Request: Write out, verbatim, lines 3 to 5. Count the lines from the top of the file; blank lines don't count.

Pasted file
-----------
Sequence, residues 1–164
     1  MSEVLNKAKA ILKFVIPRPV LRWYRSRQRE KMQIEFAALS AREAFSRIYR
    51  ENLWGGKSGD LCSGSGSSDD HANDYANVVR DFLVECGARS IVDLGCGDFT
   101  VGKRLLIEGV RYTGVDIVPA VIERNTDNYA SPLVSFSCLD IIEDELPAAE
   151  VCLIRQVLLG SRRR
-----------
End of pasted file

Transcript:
    51  ENLWGGKSGD LCSGSGSSDD HANDYANVVR DFLVECGARS IVDLGCGDFT
   101  VGKRLLIEGV RYTGVDIVPA VIERNTDNYA SPLVSFSCLD IIEDELPAAE
   151  VCLIRQVLLG SRRR